The following was written for the weekly newsletter of the church where I serve, Country Club Congregational United Church of Christ.
On a shelf in my office, there is an award that is very special to me. It is an award given by Missouri Western State University in St. Joseph, MO called "The Drum Major for Justice Award." It is given annually on the weekend of the MLK, Jr. holiday to a member of the St. Joseph community who has worked for the biblical understanding of justice as practiced by MLK, Jr. I was deeply humbled to get the award a year ago for my work as a minister in the community-a minister at a church who stood with me working on justice for immigrants, ethnic minorities, low-income people and LGBT people. The award belonged to First Christian Church, Disciples of Christ as much as it did to me. I got to keep the award, however, and I'm proud my name is on it.
The award means so much to me for many reasons, but perhaps the greatest is due to its name. "The Drum Major for Justice" comes from one of King's sermons titled "The Drum Major Instinct." It isn't as widely read as some of his other sermons, but I believe it is my favorite. In it, King speaks about the human desire to be out front leading the band and getting the attention and honor. Yet, he preached, we are taught by Jesus that the first shall be last and the last shall be first and the greatest must be the servant of all. If we are truly to change our world so that it adheres to God's justice, then we all must be willing to set aside our desire to gather honor and glory to ourselves and serve others.
You may recall that there was a controversy when the MLK, Jr. Memorial was unveiled in Washington, D.C. due to one of the quotations attributed to King engraved into the monument's stone surface. What was printed on the monument was actually a paraphrase from "The Drum Major Instinct." The inscription read: "I was a drum major for justice, peace and righteousness." Yet in its original context, MLK, Jr. speaks about how all his awards do not matter-including his Nobel Peace Prize-and at his death he did not want to praised for his earthly accomplishments. Here is an excerpt:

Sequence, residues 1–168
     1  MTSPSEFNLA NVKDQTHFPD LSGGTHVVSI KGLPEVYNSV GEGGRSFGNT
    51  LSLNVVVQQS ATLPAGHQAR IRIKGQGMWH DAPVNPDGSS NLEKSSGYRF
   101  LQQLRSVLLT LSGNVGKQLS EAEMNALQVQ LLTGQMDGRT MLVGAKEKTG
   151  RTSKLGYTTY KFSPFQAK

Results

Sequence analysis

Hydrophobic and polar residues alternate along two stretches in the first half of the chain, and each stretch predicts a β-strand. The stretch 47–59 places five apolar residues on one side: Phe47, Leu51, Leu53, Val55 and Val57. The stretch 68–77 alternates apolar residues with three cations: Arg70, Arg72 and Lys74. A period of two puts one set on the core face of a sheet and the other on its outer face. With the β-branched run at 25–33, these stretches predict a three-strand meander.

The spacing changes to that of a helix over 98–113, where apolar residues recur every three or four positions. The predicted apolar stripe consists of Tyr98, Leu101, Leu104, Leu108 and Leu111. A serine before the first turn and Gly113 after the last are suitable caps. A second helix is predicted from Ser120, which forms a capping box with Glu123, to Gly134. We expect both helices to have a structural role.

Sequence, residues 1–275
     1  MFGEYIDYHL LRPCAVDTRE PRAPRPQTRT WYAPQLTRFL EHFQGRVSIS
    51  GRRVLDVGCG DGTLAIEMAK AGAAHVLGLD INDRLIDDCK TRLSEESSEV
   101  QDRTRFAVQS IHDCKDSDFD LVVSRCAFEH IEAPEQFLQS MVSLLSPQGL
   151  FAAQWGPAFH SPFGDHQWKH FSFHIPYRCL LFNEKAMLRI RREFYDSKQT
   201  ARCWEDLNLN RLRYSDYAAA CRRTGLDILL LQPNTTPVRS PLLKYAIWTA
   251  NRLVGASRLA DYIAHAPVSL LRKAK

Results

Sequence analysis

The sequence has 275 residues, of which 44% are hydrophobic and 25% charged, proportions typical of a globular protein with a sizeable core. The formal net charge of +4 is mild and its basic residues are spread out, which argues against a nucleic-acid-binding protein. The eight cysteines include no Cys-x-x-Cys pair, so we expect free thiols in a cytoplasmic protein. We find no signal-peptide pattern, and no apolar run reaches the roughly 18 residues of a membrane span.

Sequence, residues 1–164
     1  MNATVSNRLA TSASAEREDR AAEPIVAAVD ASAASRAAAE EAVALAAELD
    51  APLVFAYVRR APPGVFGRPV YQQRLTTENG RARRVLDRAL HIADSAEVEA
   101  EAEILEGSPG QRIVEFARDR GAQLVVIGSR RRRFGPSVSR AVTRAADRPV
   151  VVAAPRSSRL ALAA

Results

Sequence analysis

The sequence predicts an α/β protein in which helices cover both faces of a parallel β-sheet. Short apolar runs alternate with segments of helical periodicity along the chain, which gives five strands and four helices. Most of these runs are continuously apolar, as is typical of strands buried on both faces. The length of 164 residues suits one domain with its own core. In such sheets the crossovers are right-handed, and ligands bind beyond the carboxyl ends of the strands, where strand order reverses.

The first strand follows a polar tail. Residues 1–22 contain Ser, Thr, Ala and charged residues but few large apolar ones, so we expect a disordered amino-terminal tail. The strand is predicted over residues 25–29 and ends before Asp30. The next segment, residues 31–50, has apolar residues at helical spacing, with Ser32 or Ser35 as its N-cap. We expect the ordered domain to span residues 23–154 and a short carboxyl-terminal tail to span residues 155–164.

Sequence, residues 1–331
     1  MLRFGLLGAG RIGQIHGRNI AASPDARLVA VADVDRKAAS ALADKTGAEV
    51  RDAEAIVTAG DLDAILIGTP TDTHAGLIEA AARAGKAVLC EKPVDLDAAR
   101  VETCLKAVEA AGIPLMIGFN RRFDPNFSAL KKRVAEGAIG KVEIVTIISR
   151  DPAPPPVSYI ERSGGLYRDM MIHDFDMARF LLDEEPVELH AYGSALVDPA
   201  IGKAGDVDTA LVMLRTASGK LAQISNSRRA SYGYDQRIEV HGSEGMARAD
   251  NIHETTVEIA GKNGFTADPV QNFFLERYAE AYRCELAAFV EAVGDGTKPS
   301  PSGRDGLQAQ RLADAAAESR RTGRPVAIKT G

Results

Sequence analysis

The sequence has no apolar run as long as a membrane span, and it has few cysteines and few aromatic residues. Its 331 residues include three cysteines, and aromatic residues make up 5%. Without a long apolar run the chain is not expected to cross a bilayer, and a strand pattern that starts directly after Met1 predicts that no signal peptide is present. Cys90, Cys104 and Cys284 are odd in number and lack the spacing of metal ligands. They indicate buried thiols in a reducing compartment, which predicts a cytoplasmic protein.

If any of you are around when I have to meet my day, I don't want a long funeral. And if you get somebody to deliver the eulogy, tell them not to talk too long. (Yes) And every now and then I wonder what I want them to say. Tell them not to mention that I have a Nobel Peace Prize-that isn't important. Tell them not to mention that I have three or four hundred other awards-that's not important. Tell them not to mention where I went to school. (Yes)
I'd like somebody to mention that day that Martin Luther King, Jr., tried to give his life serving others. (Yes)
I'd like for somebody to say that day that Martin Luther King, Jr., tried to love somebody.
I want you to say that day that I tried to be right on the war question. (Amen)
I want you to be able to say that day that I did try to feed the hungry. (Yes)
And I want you to be able to say that day that I did try in my life to clothe those who were naked. (Yes)
I want you to say on that day that I did try in my life to visit those who were in prison. (Lord)
I want you to say that I tried to love and serve humanity. (Yes)
He then says, "If you want to say that I was a drum major, say that I was a drum major for justice. Say that I was a drum major for peace. I was a drum major for righteousness. And all of the other shallow things will not matter."
As Maya Angelou noted, leaving out the "if" changes the point of the words.
The reason the award in my office is important to me is that it reminds me that ultimately acclamations do not matter. The award that matters most is the one we receive in the hereafter when our Creator says to us, "Well done, good and faithful servant" on account of what we have done for others.
Grace and Peace,